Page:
Care homes in Fulham
When live-in care just isn’t an option, give your loved ones the support they need with a choice of the top local care homes in the Fulham area.
Or call us, we are here to help
Choosing a care home
At Elder, we understand that not everyone is in the right situation to receive live-in care in Fulham. Perhaps your loved one requires much more complex care or their home doesn’t have a spare room available.
Whatever the reason may be, Elder would still like to help, and we’re in an excellent position to do so. We know what good care looks like, even outside of the home.
Which is why we’ve found the best residential options in the Fulham area for you, ensuring your loved one receives the support and high-quality care they deserve.
The top care homes in Fulham
If you’re considering residential care for a relative or loved one in the Fulham area, the following options may be worth considering.
17/25 Farm Lane, Fulham, London, SW6 1PX
Operated by Care UK, this four-storey building has 66 rooms with en-suite facilities and a 24-hour nurse call system. Residents are able to bring pets to the care home by prior arrangement.
Suitable for dementia, Alzheimer’s, hearing impairment and deafness, visual impairment.
95-99 Harwood Road, Fulham, London, SW6 4QL
Harwood Road provides assistance and accommodation for adults with mental health needs who have been referred by the local authority. Managed by Hestia, the facility has 15 rooms (13 with en-suite), a kitchenette, communal lounge and gardens.
Suitable for mental health conditions.
St Vincent’s House
49 Queen Caroline Street, Hammersmith, London, W6 9QH
This purpose-designed care home in Hammersmith was opened in 2006. The townhouse-style building has 92 rooms, phone and TV connection points and 24-hour nurse call system. Both the building and the grounds are wheelchair accessible.
Suitable for dementia, Alzheimer’s, physical disability, sensory impairment, stroke.
Nazareth House – Hammersmith
169/175 Hammersmith Road, Hammersmith, London, W6 8DB
Opened in 1857, the care home is managed by the Sisters of Nazareth, a Catholic charity. The building has 61 single rooms and 17 shared rooms, on-site chapel and outdoor gardens.
Suitable for elderly residents over the age of 65, including those with dementia and Alzheimer’s.
The Chiswick Nursing Centre
Ravenscourt Gardens, Hammersmith, London, W6 0AE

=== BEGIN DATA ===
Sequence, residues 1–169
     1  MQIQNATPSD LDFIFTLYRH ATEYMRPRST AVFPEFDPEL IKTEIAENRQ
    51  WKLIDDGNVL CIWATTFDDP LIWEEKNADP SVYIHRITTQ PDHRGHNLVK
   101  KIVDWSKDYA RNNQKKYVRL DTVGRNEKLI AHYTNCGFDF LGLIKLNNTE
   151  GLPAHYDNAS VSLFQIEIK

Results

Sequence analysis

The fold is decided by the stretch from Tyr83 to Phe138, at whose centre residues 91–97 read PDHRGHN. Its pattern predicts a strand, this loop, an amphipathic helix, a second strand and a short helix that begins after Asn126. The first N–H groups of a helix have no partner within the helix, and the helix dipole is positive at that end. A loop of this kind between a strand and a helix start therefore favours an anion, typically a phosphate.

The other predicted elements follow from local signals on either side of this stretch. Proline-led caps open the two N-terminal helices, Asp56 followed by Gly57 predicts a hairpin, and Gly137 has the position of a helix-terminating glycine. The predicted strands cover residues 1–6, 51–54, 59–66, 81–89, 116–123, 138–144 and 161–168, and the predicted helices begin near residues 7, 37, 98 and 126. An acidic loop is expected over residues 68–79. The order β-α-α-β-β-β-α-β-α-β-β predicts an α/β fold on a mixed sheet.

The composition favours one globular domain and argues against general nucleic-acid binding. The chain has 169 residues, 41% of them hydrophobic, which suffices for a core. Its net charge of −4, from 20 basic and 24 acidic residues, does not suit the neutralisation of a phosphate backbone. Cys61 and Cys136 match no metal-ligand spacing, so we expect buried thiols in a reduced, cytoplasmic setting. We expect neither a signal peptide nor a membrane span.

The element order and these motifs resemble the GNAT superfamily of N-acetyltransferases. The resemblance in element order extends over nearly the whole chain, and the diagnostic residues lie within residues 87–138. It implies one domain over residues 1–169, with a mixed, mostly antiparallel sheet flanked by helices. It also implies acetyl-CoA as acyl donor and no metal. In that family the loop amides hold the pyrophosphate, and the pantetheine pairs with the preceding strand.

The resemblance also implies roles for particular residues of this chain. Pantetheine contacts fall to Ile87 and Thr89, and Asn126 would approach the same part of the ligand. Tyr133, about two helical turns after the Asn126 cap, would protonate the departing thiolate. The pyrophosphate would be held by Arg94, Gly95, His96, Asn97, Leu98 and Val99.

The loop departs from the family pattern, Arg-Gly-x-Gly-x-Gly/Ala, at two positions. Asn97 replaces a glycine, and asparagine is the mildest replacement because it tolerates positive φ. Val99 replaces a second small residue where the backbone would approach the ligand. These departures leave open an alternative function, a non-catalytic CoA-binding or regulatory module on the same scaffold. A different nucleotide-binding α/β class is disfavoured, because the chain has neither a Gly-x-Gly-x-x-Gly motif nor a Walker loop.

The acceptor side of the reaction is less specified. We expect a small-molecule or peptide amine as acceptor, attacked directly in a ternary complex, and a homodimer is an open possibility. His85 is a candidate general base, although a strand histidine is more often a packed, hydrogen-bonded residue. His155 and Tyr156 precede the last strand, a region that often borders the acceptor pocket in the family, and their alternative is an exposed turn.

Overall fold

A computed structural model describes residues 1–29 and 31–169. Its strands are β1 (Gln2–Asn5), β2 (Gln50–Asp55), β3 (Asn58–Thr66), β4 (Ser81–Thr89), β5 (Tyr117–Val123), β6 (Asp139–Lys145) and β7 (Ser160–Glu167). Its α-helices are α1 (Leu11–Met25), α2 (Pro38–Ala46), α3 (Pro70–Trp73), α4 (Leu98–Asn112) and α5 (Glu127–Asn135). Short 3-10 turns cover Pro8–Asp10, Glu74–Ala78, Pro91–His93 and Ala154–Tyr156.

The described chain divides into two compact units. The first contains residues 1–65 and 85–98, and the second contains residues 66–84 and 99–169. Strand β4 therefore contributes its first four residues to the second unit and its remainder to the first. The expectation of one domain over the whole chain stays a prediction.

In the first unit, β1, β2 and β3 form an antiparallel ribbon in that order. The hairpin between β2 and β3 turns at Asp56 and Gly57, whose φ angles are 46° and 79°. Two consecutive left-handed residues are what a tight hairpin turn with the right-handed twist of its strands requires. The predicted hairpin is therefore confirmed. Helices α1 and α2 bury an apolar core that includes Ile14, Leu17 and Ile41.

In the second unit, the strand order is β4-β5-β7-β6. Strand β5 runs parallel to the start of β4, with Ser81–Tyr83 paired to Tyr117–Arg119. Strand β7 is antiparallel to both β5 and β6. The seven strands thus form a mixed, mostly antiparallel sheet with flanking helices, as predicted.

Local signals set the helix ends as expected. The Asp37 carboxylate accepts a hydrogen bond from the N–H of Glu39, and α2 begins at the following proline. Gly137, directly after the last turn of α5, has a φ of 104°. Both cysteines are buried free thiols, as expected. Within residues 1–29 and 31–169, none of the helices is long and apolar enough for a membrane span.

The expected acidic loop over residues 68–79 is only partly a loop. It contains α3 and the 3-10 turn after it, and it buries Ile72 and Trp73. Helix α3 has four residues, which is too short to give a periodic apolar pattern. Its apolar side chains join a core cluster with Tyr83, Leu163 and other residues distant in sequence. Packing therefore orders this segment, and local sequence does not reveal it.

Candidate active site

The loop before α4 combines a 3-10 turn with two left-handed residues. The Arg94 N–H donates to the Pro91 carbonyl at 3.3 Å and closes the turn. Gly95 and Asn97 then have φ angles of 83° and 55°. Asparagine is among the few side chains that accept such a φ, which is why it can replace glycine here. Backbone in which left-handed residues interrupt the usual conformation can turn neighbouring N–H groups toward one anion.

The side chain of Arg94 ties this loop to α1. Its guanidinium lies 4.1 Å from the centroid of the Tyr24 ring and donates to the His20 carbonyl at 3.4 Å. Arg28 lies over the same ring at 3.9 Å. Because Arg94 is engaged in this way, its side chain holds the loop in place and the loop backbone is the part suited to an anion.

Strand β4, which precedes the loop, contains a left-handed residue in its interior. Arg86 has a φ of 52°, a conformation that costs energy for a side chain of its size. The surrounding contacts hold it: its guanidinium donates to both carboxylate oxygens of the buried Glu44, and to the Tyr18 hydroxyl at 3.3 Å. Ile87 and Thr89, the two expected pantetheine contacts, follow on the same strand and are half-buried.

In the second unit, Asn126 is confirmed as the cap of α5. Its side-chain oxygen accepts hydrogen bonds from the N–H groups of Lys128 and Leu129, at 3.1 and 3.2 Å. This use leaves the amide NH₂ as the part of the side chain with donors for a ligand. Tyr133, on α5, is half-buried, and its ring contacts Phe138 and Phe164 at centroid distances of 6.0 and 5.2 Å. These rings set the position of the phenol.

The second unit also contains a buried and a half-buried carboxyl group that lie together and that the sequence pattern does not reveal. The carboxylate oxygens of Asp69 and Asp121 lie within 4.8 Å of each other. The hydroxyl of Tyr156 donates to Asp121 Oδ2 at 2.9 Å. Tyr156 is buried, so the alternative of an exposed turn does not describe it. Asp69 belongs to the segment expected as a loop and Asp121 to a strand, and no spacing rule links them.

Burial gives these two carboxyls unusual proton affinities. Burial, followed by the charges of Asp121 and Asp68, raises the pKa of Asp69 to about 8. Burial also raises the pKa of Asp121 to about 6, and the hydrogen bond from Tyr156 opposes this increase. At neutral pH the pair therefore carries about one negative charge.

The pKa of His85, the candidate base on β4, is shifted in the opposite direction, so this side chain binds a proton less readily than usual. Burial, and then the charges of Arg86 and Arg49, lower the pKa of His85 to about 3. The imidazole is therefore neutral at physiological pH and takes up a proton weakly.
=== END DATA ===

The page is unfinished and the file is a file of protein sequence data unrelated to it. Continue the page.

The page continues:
Operated by Ganymede Care Ltd., the facility is located on a residential street. Its 146 rooms have been arranged into five suites, each focused on providing specialised care in a specific area. The building and the grounds have been adapted to be wheelchair accessible.
Suitable for dementia, Alzheimer’s, physical disability, stroke, sensory impairment, cancer care.
41 Weltje Road, Hammersmith, London, W6 9LS
Originally established in 1985 by a group of families for relatives with learning disabilities, Angela House is managed by Yarrow Housing Ltd., a voluntary organisation that supports people with learning disabilities. The facility can accommodate 6 residents in 4 single rooms and 2 shared rooms. Residents have access to a kitchenette and garden and the building has been adapted for wheelchair access.
Suitable for learning disabilities.
Rivercourt Project Short Breaks
17 Rivercourt Road, Hammersmith, London, W6 9LD
Run by Hammersmith and Fulham Borough Council, Rivercourt Projects offers respite care, day care and emergency short breaks in a 5-bedroom facility (all en-suite). Two of the bedrooms have been adapted to include ceiling-mounted hoists for residents with physical disabilities.
Suitable for dementia, mental health conditions, physical disabilities, sensory impairment.
Realising your elderly loved one requires extra, full-time care isn’t easy, and when there seem to be so many options in the Fulham area, it might be overwhelming to know where to start.
At Elder, we are always on hand to offer the best impartial advice, every day between 8 am and 8 pm to help you decide on the best care solution for your loved one.
Get in touch with one of our expert care advisors today.